As sanctions loom, is Iran sending peace signals to the US?
Beyond the usual anti-American rhetoric, some analysts say that Iran is trying to avoid sanctions and resolve tensions with Washington over its nuclear program.
Hamed Malekpour/Fars News Agency/AP
Iran’s triumphant anti-American rhetoric may have hardly changed.
Supreme Leader Ayatollah Seyyed Ali Khamenei declared on Monday that countries around the world “thirst” for Iran’s message of “values, humanity and deliverance of nations from the grip of domineering powers.”
President Mahmoud Ahmadinejad recently announced, “Iran is the world’s most powerful country, and they [Western powers] themselves admit this.” He routinely proclaims that the US, West, and its capitalist ways have “collapsed.”
But behind the usual high-pitched pokes from Tehran, analysts say several Iranian actions signal a serious desire to resolve the nuclear standoff – and perhaps even to find a limited rapprochement with arch-enemy America.
The Iranian olive branches, they cite:
- Iran's acceptance of a nuclear fuel swap deal.
- Allowing the visit by mothers of three American hikers imprisoned in Iran.
- Mr. Ahmadinejad's visit to the Nuclear Non-Proliferation Treaty (NPT) talks this month.
Are those Iranian signals real? And is the United States listening?
“Here they hope the US would take [Iran's] actions more seriously than words,” says a political analyst in Tehran who asked not be named for security reasons. Iran’s hard-line leadership “may try to pacify this potentially destructive enemy [the US], so that they [Iran's leaders] feel reassured about their future.”
Tehran's leaders are not just concerned about sanctions. On Monday, The New York TImes reported that Gen. David Petraeus last September ordered a “broad expansion of clandestine military activity” in the Middle East that “appears to authorize specific operations in Iran.” And the Iranians haven't forgotten that President George Bush, whose officials routinely spoke of “regime change” in Iran, authorized $400 million in secret funding to weaken the Islamic Republic.
“Once and for all, they [Iran's leaders] want to do away with this existential threat,” says the Tehran analyst. “When you have an enemy which you just can’t ignore, what are you supposed to do? Are you going to take it on in a suicide attack? Or try to appease it, and make it friendly in a face-saving way?”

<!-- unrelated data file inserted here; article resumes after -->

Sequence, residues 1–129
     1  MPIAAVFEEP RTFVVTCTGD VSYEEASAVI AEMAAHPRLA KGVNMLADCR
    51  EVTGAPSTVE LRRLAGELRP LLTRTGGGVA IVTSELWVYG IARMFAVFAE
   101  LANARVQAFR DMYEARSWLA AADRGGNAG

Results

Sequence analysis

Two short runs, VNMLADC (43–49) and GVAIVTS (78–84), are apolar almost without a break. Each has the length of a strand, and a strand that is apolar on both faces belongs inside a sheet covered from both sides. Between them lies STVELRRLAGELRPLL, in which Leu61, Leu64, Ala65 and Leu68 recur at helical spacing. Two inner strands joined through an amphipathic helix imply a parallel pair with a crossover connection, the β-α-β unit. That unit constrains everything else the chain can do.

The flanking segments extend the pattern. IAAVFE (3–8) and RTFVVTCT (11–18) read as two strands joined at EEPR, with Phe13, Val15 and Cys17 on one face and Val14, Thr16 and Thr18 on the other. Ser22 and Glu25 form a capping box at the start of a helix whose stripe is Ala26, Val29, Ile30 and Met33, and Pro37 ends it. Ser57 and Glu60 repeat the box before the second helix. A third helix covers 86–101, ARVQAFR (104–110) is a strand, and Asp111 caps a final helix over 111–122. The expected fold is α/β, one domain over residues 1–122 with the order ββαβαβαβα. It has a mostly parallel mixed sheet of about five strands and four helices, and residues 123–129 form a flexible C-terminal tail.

As viewed from Tehran, positive Iranian steps in recent weeks include Iran’s decision to embrace a nuclear fuel swap deal – a plan to export 1,200 kg of Iran’s homemade low-enriched uranium. Iran rejected a similar plan last October, when it was backed by the US and the UN, but accepted it last week after intense mediation with Turkey and Brazil.
(Any intended outreach toward the US was not extended to Russian President Dmitry Medvedev, who on Wednesday came under strong personal attack from Mr. Ahmadinejad for Moscow’s support for further sanctions against Iran.
“Today it has become very difficult to explain Mr. Medvedev’s behavior to our people,” said Ahmadinejad. “We hope Russian officials will pay attention, make amends, and not make Iranians put them in the line of their historic enemies.”
The Kremlin reacted angrily: “Any unpredictability, political extremism, lack of transparency or inconsistency in decision-making…is unacceptable for Russia,” foreign policy advisor Sergei Prikhodko said in a statement. “No one has ever managed to retain their authority through political demagoguery.”)
Another positive step toward the US was Iran's “humanitarian” decision to give visas to the mothers of three Americans imprisoned in Tehran, who visited earlier this week. The American families and US officials say the three are innocent hikers who strayed across the border from Iraq; Iran’s intelligence chief calls them spies that can be exchanged for several Iranians in American custody.
Also on the list of steps that Iran sees as positive: Mr. Ahmadinejad’s presence in New York at the opening of the NPT conference earlier this month. Though he accused the US of being a global “nuclear criminal,” he also spoke well of Americans. During an ABC-TV interview, he wished the audience “a life filled with health, and joy.” He said: “We’re also friends of the American people.”